This edition of China Currents offers three distinct types of articles.
The first group of three essays focuses on China’s expanding relationships in Latin America and the Caribbean. All three were first published by The Carter Center as part of the China Research Center and The Carter Center’s joint organization of the Sixth Annual Meeting of the International Consortium for China Studies. We are delighted to have received permission to reprint condensed versions of the originals. Enrique Dussel Peters provides an overview of China’s economic relations with Latin America and the Caribbean, with a particular emphasis on the growing geopolitical competition with the United States. Haibin Niu offers suggestions about how China and Latin American nations might forge productive, cooperative relations going forward. Margaret Myers and Rebecca Ray outline the Trump administration’s decidedly negative view of China’s economic interactions in Latin America and the Caribbean.
The next two articles examine other aspects of trade and economic cooperation. Penelope Prime, our managing editor, analyses the state of the U.S.-China trade war in a piece first published by The Conversation. Just in case you’re thinking the deal signed in mid-January signals and end to the trade war, Dr. Prime has five words for you: “Don’t get your hopes up.” Mariel Borowitz looks at a little-known aspect of China’s rise to global prominence: data collection from space. Borowitz reports that China is sharing data widely, especially with countries involved with Belt and Road initiatives.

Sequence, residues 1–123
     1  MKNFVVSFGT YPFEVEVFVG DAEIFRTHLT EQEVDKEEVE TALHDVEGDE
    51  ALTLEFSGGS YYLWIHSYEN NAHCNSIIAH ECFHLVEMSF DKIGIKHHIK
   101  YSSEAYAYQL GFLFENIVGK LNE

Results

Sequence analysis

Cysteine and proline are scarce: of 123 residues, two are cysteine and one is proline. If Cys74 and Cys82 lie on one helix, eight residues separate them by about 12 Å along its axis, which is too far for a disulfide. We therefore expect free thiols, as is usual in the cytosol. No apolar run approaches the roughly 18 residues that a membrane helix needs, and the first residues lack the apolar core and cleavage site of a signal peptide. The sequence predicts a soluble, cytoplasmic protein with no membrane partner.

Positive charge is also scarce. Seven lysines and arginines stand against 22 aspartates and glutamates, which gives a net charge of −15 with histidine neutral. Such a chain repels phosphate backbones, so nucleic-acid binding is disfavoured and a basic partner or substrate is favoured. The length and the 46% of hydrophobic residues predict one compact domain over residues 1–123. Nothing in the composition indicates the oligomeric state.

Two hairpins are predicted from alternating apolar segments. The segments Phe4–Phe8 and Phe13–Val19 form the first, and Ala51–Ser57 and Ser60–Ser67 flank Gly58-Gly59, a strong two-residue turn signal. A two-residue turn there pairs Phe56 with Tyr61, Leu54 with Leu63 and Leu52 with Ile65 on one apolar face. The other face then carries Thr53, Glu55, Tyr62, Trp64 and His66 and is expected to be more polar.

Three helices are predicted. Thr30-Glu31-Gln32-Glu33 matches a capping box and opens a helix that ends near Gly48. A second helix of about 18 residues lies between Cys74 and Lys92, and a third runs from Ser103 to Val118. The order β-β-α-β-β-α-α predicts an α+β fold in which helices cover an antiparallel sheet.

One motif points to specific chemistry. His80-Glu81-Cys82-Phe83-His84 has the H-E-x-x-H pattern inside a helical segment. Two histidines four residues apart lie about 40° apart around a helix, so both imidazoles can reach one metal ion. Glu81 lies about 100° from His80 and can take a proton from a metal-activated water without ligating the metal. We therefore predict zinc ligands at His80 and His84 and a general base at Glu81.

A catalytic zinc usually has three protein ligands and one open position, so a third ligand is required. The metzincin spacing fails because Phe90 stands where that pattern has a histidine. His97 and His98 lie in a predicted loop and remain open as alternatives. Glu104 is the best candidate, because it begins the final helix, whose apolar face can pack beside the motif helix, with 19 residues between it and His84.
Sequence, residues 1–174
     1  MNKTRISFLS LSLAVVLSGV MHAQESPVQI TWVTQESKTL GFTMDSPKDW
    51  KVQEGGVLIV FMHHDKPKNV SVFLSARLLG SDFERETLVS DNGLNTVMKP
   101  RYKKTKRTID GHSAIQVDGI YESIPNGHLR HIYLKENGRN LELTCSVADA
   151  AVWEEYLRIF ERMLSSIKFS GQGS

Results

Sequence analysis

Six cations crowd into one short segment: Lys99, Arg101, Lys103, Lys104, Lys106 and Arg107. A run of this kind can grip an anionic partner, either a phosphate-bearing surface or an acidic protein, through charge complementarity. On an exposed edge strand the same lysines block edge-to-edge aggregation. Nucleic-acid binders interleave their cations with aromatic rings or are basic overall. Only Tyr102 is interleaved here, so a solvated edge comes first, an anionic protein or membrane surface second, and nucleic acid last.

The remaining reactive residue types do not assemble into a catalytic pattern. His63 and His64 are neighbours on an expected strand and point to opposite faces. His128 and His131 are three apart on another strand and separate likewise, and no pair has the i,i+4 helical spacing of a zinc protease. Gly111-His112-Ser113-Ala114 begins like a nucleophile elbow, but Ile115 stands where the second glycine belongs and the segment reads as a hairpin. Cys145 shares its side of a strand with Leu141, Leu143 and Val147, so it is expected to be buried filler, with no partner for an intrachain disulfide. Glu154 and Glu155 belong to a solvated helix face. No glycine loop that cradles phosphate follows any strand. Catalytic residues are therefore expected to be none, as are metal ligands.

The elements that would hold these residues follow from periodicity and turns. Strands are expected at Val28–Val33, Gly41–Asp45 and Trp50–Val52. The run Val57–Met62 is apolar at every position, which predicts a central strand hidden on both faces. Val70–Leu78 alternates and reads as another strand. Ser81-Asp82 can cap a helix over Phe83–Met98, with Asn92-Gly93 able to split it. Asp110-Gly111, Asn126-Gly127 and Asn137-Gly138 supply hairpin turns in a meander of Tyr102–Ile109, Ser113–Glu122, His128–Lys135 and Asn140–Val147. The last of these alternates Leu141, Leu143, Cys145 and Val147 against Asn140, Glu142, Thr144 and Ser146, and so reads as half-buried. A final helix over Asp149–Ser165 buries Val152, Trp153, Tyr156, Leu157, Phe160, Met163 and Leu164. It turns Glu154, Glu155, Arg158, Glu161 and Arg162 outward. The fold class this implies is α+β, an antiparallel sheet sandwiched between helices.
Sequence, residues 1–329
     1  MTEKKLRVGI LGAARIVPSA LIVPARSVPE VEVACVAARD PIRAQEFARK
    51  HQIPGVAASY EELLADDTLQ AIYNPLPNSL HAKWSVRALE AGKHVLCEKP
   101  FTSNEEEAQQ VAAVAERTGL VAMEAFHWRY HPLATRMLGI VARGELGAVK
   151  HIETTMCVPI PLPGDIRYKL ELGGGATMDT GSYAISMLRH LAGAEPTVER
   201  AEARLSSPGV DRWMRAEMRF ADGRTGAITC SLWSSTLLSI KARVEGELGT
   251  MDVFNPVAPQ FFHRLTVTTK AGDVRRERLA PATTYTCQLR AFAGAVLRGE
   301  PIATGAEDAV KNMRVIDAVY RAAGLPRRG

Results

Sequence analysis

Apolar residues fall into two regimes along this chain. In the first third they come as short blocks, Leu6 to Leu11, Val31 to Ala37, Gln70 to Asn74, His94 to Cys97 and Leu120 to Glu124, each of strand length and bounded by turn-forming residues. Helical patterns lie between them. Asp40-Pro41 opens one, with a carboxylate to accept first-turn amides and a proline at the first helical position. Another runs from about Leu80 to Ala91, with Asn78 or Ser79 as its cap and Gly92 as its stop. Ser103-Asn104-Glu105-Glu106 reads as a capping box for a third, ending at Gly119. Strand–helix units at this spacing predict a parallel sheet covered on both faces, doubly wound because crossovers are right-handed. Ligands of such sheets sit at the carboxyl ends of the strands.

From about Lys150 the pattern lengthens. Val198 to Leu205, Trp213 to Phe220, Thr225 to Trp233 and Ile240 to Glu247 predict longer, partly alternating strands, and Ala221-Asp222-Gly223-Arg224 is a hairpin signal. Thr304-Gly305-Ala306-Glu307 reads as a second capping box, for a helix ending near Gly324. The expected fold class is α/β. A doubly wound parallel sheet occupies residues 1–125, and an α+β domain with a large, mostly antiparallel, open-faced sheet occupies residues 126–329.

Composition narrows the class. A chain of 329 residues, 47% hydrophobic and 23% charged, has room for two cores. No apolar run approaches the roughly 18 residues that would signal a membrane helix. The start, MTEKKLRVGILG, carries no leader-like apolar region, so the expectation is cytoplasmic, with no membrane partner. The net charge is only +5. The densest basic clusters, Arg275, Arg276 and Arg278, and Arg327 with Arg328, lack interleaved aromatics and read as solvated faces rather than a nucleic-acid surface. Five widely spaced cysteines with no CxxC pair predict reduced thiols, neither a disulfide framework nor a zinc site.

We offer Dr. Fei-ling Wang’s introduction to an Al Jazeera documentary that takes a deep look at the rise of China. Dr. Wang, a China Research Center associate, was featured prominently in the film.
Finally, Li Qi, also a Center associate, offers a personal essay that reflects on her daughter’s experience as a 6-year-old attending a Chinese elementary school in Beijing. There’s much to ponder here about the value of testing and the contrasts between the approaches to assessment taken in China and the United States.
It’s an eclectic mix that reflects the multifaceted face of China today. We hope you find each one of the pieces thought provoking.